Style.com just posted “The Spring 2016 Men’s Trend Report.” I was going to do the same thing (great minds think alike), but because they beat me to it, I’ve decided to criticize the list instead. That’s me — I’m always so helpful!
First up is “Lads in Lace.” I’m not opposed to lace. In fact, one of my favorite shirts ever was a lacy, white cotton number that I paid an arm and a leg for in the mid-80s. The only thing about that shirt is that it was not openwork lace. Transparency is much harder to sell to men than it is to women. What’s even harder to sell is a Gucci, girdle-colored, shrunken lace shirt adorned with old appliques quite possibly discovered in the trash bin behind the Dolce & Gabbana atelier. This is the ugliest garment I saw on any runway this season. There is no coming back from that moment: the Gucci show hurt the brand.
Second on the list is “Fifties Shades.” I like this one. Old bowling shirts are always stylish, especially if they’ve got a wonderful name embroidered on the pocket, like “Burl” or “Slim.” I like the roomier, tapered trousers, too. I have an athletic build and pleats actually work with my body type.
Third is “The Garden Variety Suit.” I’ll take credit for this trend because floral prints have been my thing for thirty years. Finally, people are starting to see the brilliance in me that I see in myself. It’s about freakin’ time.
Next is “Scarf Ace.” I like the pun, but I hate the trend. I grew up in a province that was built on the agriculture business. We were always taught to never wear dangly things around farm equipment — and there was farm equipment everywhere! Even though I’m a city boy, that advice still sticks with me today. No scarves for this guy!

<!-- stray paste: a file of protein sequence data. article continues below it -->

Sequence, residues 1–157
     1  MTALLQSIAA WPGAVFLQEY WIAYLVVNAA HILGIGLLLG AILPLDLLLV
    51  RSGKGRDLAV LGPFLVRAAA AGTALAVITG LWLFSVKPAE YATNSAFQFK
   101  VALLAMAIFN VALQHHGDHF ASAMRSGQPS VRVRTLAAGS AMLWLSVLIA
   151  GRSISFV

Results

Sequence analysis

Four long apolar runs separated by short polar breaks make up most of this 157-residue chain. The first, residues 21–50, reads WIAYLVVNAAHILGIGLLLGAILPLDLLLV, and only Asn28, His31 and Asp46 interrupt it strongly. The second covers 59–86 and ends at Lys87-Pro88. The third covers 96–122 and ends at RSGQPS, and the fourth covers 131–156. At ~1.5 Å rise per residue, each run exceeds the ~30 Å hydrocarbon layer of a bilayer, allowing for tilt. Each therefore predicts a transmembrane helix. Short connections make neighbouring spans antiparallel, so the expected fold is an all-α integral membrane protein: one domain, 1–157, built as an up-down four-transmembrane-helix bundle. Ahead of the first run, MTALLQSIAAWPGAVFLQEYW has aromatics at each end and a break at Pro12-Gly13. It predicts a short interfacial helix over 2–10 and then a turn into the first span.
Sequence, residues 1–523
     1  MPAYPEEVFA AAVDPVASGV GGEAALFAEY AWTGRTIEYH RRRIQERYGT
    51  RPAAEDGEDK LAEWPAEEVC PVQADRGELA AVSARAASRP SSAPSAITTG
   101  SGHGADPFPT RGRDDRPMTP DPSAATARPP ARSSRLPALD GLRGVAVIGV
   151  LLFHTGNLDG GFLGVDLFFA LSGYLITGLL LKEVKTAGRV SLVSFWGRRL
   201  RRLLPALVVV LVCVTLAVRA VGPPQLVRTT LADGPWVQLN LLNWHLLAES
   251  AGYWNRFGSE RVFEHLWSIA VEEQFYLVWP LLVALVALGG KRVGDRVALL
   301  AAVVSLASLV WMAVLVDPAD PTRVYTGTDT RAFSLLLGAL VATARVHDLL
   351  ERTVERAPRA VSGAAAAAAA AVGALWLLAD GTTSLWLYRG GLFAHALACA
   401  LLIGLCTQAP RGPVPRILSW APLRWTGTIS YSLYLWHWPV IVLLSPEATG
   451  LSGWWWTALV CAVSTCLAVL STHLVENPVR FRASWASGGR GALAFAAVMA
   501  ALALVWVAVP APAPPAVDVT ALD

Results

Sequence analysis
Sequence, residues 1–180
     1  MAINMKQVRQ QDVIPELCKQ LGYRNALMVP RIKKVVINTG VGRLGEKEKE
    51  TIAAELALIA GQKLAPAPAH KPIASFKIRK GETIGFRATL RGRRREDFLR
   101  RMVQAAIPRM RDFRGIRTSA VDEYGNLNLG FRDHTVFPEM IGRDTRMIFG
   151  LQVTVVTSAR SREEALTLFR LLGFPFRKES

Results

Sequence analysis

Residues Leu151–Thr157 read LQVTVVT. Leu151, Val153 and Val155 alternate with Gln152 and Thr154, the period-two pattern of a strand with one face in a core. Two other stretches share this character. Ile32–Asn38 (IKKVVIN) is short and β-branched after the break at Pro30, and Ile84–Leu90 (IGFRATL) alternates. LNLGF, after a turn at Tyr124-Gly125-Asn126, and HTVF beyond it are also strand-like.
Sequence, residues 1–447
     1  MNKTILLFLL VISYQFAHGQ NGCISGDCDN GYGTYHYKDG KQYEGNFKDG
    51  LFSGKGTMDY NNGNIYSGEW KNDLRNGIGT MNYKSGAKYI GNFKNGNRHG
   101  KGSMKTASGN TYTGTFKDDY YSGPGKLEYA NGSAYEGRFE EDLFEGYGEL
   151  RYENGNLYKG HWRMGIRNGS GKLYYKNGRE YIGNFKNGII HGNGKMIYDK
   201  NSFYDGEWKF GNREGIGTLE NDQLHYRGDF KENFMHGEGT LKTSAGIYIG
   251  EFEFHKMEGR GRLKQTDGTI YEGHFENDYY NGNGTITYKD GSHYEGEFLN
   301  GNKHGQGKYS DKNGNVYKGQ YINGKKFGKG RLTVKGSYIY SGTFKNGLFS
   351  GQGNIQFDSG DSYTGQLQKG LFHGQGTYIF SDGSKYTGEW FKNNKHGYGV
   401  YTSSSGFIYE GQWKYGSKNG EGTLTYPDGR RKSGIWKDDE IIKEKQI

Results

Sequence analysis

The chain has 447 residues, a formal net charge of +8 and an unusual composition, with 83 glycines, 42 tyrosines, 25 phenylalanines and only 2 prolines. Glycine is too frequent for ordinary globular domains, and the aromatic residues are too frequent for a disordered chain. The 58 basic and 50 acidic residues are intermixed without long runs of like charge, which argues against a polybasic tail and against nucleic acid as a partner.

The fifth trend discussed is “Stripes on Steroids.” Do stripes ever go out in menswear? I don’t think so. Still, I did like this suit by Tiger of Sweden:
I would wear that jacket and the open collar would look great on me, too. The construction of the pants is poor, though. The model looks as if he has no penis. I’ll pass, thanks.
Sixth up is “One and Done.” Yes, that means onesies! Jumpsuits are sort of hilarious. If you go back to the 70s when leisure suit-inspired jumpsuits in double-knit polyester were actually a thing, you hit the exact moment in recent fashion history that is the most-reviled today. I don’t mind the clothes of that era because I’m a little more open-minded than most people are toward all of the foolishness of fashion. I even liked the jumpsuits that had a temporary revival in the 80s (the Kenzo number in the photo below reminds me of those). Would I wear one? Probably not.
Next is a trend called “East Meets West.” I almost bought a Brioni silk shirt last year that was ridiculously expensive. It was in a crane print that recalled classical Chinese art. Now I’m kicking myself for not getting it while the getting was good. All the Chinese prints and embroidery seemed very fresh on this season’s runways.
Eighth on the list is “Into the Crease,” which discusses the crinkled trend. This brings to mind another shopping story. The same week these shows walked, I tried to order a crinkled Helmut Lang coat from an American website. I went to the checkout and was informed that the item didn’t ship to Canada. Seeing all this stylish crinkled stuff makes my tale of woe even more tragic I know, right?
Second to last is “Leg Room.” I don’t believe that the wide-legged pant trend has a leg to stand on. I like the pleated, fifites-style tapered trousers I mentioned earlier. Men’s fashion is stuck in the mid-80s right now. That’s how the pants looked back then. We need to allow those to come back in and go back out again first before we start moving off on another tangent altogether. This isn’t women’s fashion. Guys are slower to embrace a new silhouette and pants have been skinny for a long time now. Expect to see plenty of these wide-legged pants on sale on Mr. Porter and SSENSE this time next year.
Finally, is “The Need for Speed,” illustrated with this Moschino number:
I don’t know about New York and London, but motocross-inspired stuff that looks just like this is everywhere in Canada. Guys’ guys wear it almost as much as they wear those horrible duck-hunting camouflage prints. It’s so far on the other side of fashionable, it makes Ed Hardy look like a more likely candidate for a comeback. I’ll say no, thanks.